In more detail, we'll cover features, latest technologies, product and technical design, UI/UX, ensuring reliable performance and scalability while staying compliant with HIPAA and other data security regulations. We'll also cover the potential costs of developing a telemedicine app and the pitfalls to avoid.
Product and Technical Design of Telemedicine Apps
Telemedicine app design includes user personas, user flows, wireframes, prototypes, and UI design.
Telemedicine apps are typically used by three types of people: doctors, patients, or healthcare personnel. When designing a telemedicine app, it's worth considering the different roles these users may have at different stages in their life.
User flows, aided by UI wireframing and prototyping, defines how a user navigates through an app, what they can do with it, and steps that need to occur before other features are unlocked. It is a critical part of telemedicine app design because it helps you create a roadmap of how users can interact with your telemedicine app.
System Design and Architecture of a Telemedicine App
Before writing a single line of code, it is important to take into account the most pressing issues, such as:
What platforms will your app support?
What features are needed, and which ones need to be made from scratch?
How will you ensure data security and compliance?
Telemedicine app architecture includes technical components such as databases, web servers, and API integrations. System design and architecture planning help you choose the right API integrations, SDK foundations, and backend databases that would best serve your telemedicine app.
Interface and User Experience of a Telehealth App
A telemedicine app must have an intuitive UX simple enough for anyone to use. Some people do not have much experience using new technology or digital interfaces, making it difficult for them to understand how an app works or what buttons they should tap. Building your telehealth app in such a way ensures that everyone can find their own answers while using the app without assistance.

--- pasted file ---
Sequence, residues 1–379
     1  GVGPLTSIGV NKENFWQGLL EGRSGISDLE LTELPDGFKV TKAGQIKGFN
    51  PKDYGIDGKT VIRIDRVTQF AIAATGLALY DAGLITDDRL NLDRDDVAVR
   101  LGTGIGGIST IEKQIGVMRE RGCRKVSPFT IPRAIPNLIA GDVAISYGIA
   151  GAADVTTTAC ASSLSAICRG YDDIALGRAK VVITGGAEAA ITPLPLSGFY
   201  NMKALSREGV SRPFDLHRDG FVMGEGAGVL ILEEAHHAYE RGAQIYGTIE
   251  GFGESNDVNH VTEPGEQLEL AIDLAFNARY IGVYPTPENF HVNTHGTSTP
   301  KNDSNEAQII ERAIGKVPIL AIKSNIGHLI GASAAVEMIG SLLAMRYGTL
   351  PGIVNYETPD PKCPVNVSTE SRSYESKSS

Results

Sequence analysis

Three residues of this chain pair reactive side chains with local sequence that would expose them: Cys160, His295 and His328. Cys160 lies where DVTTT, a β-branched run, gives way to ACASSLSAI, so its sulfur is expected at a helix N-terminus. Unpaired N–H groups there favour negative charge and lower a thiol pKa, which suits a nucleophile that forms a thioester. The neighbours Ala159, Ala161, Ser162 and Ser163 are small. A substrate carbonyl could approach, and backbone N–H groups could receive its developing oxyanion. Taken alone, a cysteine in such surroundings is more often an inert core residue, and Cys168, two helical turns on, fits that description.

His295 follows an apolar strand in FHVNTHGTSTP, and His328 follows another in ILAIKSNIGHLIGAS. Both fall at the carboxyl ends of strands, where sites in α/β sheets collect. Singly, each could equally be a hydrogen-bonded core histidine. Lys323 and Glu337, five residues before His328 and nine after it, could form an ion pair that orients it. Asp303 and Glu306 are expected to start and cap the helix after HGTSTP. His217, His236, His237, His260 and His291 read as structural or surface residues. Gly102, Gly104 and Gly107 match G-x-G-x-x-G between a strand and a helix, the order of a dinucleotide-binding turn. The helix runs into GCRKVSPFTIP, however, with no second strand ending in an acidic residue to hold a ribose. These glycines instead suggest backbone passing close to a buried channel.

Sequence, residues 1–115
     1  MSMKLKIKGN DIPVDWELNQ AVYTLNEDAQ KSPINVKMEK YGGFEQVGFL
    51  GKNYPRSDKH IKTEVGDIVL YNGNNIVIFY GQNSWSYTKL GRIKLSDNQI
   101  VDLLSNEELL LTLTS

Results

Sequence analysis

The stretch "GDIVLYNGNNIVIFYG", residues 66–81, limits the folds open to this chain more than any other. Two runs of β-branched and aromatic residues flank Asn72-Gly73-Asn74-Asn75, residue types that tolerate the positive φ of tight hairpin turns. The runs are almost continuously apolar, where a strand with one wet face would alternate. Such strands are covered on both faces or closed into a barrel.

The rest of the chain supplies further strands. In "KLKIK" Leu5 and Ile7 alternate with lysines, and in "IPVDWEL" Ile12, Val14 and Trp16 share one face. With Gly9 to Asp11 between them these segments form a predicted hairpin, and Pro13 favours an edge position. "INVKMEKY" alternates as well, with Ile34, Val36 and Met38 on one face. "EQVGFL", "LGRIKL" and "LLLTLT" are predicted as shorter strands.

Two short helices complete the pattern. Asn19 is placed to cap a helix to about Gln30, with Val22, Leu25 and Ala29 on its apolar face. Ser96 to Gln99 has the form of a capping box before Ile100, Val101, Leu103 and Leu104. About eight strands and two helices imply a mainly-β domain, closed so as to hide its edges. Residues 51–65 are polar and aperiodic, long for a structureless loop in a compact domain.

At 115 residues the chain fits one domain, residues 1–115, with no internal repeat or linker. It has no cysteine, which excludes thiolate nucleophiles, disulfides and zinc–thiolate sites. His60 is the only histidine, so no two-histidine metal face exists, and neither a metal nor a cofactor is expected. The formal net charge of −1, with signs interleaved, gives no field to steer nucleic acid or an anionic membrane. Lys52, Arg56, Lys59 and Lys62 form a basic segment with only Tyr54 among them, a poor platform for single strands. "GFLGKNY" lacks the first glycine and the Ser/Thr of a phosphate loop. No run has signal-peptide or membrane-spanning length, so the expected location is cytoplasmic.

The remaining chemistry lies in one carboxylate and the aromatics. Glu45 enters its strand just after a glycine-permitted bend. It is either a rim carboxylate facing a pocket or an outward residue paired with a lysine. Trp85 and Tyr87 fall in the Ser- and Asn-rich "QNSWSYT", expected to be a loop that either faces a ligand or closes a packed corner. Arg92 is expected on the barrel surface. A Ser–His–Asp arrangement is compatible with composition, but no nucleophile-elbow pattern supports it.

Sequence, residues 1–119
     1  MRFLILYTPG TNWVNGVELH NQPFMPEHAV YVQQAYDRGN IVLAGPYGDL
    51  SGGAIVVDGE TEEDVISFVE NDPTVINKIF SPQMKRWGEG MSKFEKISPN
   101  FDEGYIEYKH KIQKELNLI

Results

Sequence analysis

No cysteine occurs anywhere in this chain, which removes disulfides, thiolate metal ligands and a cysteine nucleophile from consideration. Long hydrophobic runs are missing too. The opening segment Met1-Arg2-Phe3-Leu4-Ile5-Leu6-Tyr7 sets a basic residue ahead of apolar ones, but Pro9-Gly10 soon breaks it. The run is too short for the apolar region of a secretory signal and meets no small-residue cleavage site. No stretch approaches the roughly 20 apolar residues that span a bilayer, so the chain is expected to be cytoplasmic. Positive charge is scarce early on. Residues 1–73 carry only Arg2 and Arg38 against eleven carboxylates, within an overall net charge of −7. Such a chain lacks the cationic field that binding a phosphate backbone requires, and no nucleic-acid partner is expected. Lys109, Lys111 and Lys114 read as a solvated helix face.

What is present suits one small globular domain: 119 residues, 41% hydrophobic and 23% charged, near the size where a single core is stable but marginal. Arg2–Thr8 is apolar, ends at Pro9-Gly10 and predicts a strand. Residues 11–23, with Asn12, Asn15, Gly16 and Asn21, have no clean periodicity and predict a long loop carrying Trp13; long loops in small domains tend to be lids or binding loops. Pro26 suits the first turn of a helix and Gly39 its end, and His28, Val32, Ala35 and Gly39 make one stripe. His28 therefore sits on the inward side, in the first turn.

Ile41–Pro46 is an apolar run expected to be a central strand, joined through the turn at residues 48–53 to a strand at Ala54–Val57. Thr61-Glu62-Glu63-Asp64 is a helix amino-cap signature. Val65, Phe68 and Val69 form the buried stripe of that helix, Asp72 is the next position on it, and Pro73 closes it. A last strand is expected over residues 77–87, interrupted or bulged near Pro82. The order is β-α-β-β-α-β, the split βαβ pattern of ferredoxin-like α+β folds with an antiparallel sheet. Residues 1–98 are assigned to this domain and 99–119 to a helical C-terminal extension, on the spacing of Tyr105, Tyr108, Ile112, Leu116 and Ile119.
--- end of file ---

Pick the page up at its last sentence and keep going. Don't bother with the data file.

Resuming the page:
Considerations on telemedicine app UX include the following:
Text readability with color contrast between background and font
Mobile responsiveness on different device types such as Android and iOS
Navigation menu organization layout
Balancing complex workflows with the number of taps
Ease of updating and maintaining user account profiles, including billing and payments
There are proven UI/UX kits available for both Android and iOS telehealth apps, so you don't have to reinvent the wheel at this stage of app development.
Technology Stack for Telemedicine App
What technologies should be used for an app or website for delivering remote healthcare services? There are many different options available, and we will cover them in this section.
Frameworks and Programming Languages
We use various telemedicine app development frameworks, programming languages and third-party tools such as cloud storage platforms. Below is a list of what developers use to develop telemedicine apps and for which app platform:
No-code and low-code platforms are ideal for bringing an app to the market quickly or testing demand. However, low-code may be limiting in terms of customization or building new features. For maximum customization with extra features, it is worth building the app from the ground up using popular frameworks such as Swift for iOS or Java for Android with python for the backend.
APIs and SDKs for Building Your Own Telehealth App
There are many telemedicine APIs and SDKs with microservices that cater to the healthcare industry. We list them below:
There are countless APIs available to help you build a telemedicine app. Most of these are RESTful APIs, such as Stripe, EC2, S3, SendGrid, and Firebase Cloud Messaging, to name a few. To make your decision-making process easier, we list the top telemedicine APIs for your healthcare app.
AWS (Amazon Web Services)
While there are many cloud providers, Google and Amazon are among the most popular and cost-effective, especially if you plan to scale your business usage through your telemedicine app.
Using WebRTC protocol and TURN servers, telemedicine apps can be used across most medical devices, even on secure public networks. You can develop this using either open-source or paid APIs, which give you granular control over your app. Telemedicine apps can also use the XMPP chat protocol when extensible markup language is needed for chat functionality, or the MQTT protocol for machine-to-machine telemetry if remote patient monitoring is being used.